Training for Grit (or, What I Have Learnt from the Superquaich)

I love the Superquaich. By the time the SQ rolls round, it’s a nice change from the routine of the SCX series. The SQ is a bit different, a bit weird, a bit edgy. Course features that would probably not make it into a British Cycling race start to appear (because let’s face it, anything goes with TLI). And as for age categories, and gridding? Unless you’re in the top 20 overall you can forget about that. Your lap times earlier in the season are taken into account and everyone is just plonked into either the A race or the B race. Men and women race together and the start line is a bunfight of jostling for position and exasperated race organisers trying to get everyone to line up nicely.

This season was the first time I’ve been in the A race for the whole series. Last year I won the B race at the Doonbank Trofee, which resulted in a short-lived promotion to the A race for my memorable appearance at Irvine Beach, followed by relegation to the B race again for an eventful race at Rouken Glen (that’s another thing about the SQ – which race you’re in isn’t always logical or explicable. I don’t envy the organisers the irate emails they no doubt get).

Round 1 was the Doonbank Trofee in Ayr, scene of my first ever CX race win the previous season.

My moment of glory, circa January 2018. Credit: (probably) Chris.

This year I was starting in the A race and I made the rookie error right away of being far too polite at the start and ending up at the back (also, I was faffing taking my layers off). It was a hard race, with a particularly sticky brand of mud that clung to my bike and made me wish I had a second bike (I’ve pretty much relegated my old bike to turbo duties as it handles like a tank and weighs a ton). I think I was 5th, and I remember thinking I didn’t enjoy it as much as I usually enjoy racing.

As soon as I got home I came down with a sore throat, which probably explained why I hadn’t been feeling the cross love. And that was me laid up with a rotten head cold for a couple of weeks. I missed Mo Cross, which was by all accounts a fabulous course, and lined up on the start line of Battle of the Bing after doing very little training over Christmas feeling like (as I said to Roz on the start line) I could just go for a nap. My head really wasn’t in it and I wasn’t feeling the racing mojo. I was also uneasy about the big descent, which I had ridden in practice (I’d probably have slithered down it on foot a year ago) but which I still didn’t like.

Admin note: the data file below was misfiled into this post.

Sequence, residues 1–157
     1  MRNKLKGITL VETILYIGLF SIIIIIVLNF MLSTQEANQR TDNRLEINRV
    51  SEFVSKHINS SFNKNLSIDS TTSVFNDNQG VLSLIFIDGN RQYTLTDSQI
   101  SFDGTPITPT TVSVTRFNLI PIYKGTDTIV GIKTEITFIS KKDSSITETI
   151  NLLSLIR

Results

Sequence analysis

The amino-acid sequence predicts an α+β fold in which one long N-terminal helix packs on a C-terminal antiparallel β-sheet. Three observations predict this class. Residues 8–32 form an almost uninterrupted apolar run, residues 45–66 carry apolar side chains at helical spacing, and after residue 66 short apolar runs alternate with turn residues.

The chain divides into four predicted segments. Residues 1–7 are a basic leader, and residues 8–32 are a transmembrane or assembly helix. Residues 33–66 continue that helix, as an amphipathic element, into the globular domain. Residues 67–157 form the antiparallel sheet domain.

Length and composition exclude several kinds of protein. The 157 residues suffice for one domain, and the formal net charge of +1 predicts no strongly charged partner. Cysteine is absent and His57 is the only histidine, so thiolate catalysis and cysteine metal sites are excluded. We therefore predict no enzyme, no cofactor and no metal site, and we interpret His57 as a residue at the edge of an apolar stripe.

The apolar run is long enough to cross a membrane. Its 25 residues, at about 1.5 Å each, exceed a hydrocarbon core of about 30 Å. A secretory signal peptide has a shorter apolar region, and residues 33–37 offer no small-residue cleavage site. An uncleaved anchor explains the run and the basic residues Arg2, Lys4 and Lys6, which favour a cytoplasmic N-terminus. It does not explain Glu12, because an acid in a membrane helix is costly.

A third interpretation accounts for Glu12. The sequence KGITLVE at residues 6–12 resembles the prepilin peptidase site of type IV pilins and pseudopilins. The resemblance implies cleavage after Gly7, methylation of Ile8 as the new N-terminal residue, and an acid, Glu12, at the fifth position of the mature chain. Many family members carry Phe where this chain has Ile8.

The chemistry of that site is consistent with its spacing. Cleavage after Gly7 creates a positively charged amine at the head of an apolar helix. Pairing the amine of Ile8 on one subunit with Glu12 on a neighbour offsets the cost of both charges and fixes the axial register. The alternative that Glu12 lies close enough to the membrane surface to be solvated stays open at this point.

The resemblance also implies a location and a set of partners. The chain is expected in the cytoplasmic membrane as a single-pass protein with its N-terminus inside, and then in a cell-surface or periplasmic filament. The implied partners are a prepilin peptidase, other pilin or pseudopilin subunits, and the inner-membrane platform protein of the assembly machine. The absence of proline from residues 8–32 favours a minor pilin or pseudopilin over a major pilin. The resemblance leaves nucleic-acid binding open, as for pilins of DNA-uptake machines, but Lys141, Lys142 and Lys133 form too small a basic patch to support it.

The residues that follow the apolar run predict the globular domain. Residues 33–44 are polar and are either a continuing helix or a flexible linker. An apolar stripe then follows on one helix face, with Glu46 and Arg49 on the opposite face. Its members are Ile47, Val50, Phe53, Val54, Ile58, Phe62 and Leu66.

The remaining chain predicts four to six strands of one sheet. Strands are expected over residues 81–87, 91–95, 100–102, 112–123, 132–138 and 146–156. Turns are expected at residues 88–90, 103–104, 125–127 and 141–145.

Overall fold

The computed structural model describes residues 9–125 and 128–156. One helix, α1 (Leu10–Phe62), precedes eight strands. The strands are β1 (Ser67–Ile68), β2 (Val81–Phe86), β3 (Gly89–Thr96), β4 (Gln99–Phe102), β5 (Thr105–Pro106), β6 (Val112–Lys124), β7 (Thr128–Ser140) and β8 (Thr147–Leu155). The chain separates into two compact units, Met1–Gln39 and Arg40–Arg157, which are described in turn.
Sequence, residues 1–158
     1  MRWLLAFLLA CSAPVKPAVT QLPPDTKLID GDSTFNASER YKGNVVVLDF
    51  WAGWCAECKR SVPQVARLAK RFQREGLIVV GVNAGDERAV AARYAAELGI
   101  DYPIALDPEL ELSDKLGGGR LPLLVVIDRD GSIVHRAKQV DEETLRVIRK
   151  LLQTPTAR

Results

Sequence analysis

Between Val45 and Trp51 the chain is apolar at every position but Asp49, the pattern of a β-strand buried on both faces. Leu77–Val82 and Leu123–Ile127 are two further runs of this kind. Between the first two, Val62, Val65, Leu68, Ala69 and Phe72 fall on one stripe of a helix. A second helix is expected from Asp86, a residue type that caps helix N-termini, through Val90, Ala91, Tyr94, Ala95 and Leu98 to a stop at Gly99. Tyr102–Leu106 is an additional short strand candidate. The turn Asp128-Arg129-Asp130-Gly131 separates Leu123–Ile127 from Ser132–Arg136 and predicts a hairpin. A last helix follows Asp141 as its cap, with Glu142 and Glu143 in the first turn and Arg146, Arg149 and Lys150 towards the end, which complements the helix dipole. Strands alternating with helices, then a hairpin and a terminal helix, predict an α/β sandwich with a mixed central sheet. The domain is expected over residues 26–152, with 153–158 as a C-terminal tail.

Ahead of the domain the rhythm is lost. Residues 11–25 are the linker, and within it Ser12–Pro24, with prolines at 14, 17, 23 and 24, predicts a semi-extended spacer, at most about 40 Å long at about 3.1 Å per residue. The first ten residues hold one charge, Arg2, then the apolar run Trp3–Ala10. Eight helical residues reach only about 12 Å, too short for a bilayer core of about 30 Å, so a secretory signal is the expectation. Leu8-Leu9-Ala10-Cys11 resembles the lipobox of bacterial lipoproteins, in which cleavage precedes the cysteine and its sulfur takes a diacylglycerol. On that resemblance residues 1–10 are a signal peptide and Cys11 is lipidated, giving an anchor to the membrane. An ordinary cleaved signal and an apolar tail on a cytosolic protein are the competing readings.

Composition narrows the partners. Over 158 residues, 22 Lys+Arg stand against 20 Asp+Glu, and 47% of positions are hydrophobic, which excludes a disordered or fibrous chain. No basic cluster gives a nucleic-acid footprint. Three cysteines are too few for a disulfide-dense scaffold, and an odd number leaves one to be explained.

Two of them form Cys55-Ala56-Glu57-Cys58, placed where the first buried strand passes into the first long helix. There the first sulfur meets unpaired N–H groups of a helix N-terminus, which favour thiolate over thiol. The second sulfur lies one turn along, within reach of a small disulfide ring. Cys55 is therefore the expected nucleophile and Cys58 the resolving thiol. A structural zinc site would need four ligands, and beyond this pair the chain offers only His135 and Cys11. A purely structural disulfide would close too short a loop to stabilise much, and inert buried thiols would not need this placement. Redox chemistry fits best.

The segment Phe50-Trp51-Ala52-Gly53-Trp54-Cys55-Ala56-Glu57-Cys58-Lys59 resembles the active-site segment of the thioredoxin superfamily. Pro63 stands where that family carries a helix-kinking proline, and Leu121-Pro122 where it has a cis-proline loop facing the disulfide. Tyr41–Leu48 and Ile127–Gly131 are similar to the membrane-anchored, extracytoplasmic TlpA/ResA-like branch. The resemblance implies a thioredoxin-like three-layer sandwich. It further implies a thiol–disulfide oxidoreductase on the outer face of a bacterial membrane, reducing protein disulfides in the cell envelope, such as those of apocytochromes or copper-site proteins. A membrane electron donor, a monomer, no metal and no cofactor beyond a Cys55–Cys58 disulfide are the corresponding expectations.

My chain came off during the first lap and it was all I could do to avoid relegation to the B race. And I actually found it quite liberating – not something I’d want to repeat in other races, but it meant I was able to enjoy the race without the pressure of riding for the win. I ended up really enjoying the race, riding the descent better each time (I’d nailed my line by the last lap, which was a bit late, but better late than never).

It looks scarier in real life, trust me. Credit: Battle of the Bing Facebook Page (I think)

After the race, my friend, clubmate and fellow coach Andy said to me, “You can’t train for grit.” I had turned up and raced even though my head wasn’t in the game, and finished even when I had a mechanical.

In a sense, training for grit describes my entire cyclocross story – it’s been a constant battle to pick myself up when something knocks my confidence and carry on. I think I’ve learnt more about resilience than I have about cycling! But that’s probably a whole separate blog post.

But after Battle of the Bing the love of cross was back. Thistly Cross, back at a new venue of Winton Castle, was fabulous and I managed my best result of the SQ yet, 3rd female in the A race.

Credit: Bryan Hutton

Which brings us back to my favourite SQ race, Rouken Glen, finishing up the SQ with style. What can I say about RGCX? I love that race so much. In my first full season of cross I had grown in confidence so much that I was able to really enjoy the race and finished my season on a high. Last year, fitter, more skilled, more confident, I battled my way to 2nd placed female in the B race despite two flat tyres and a bike change. This year I was back again, and in the A race this time.

As usual at RGCX, my bike took a hammering, and I had to stop in the pits to unclog my mech (with the help of a nice man from someone else’s pit crew – thank you whoever you were!). A wipe-out on a greasy corner didn’t help matters either. But it was a fantastic race, as always.

Credit: Peter Smith

After the race I was standing around chatting to some of my friends when the series results were read out, and to my great surprise I was 3rd overall. Despite not managing any particularly spectacular results, my persistence (and the small numbers of women in the A races) meant that I had accrued enough points for a place on the overall podium. It was a nice surprise – the grit had paid off.

So that’s the Superquaich over for another year, with Roz reigning supreme again and Brenda (in 2nd place) and I making the rest of the podium SBC blue.

Things I have learnt:

  • I need to get faster at descending.
  • I need to try to ride a bit more of the really steep climbs.
  • I need to be less polite when getting a spot on the start grid.
  • My cornering and remounting have both improved sufficiently that I can now gain ground on quite a few people round corners and over hurdles.
  • By keeping going, and building up a bank of experiences where you either have a great race, or have a bad race but survive anyway, you can (sort of) train for grit.

Leave a Reply

Fill in your details below or click an icon to log in: Logo

You are commenting using your account. Log Out /  Change )

Twitter picture

You are commenting using your Twitter account. Log Out /  Change )

Facebook photo

You are commenting using your Facebook account. Log Out /  Change )

Connecting to %s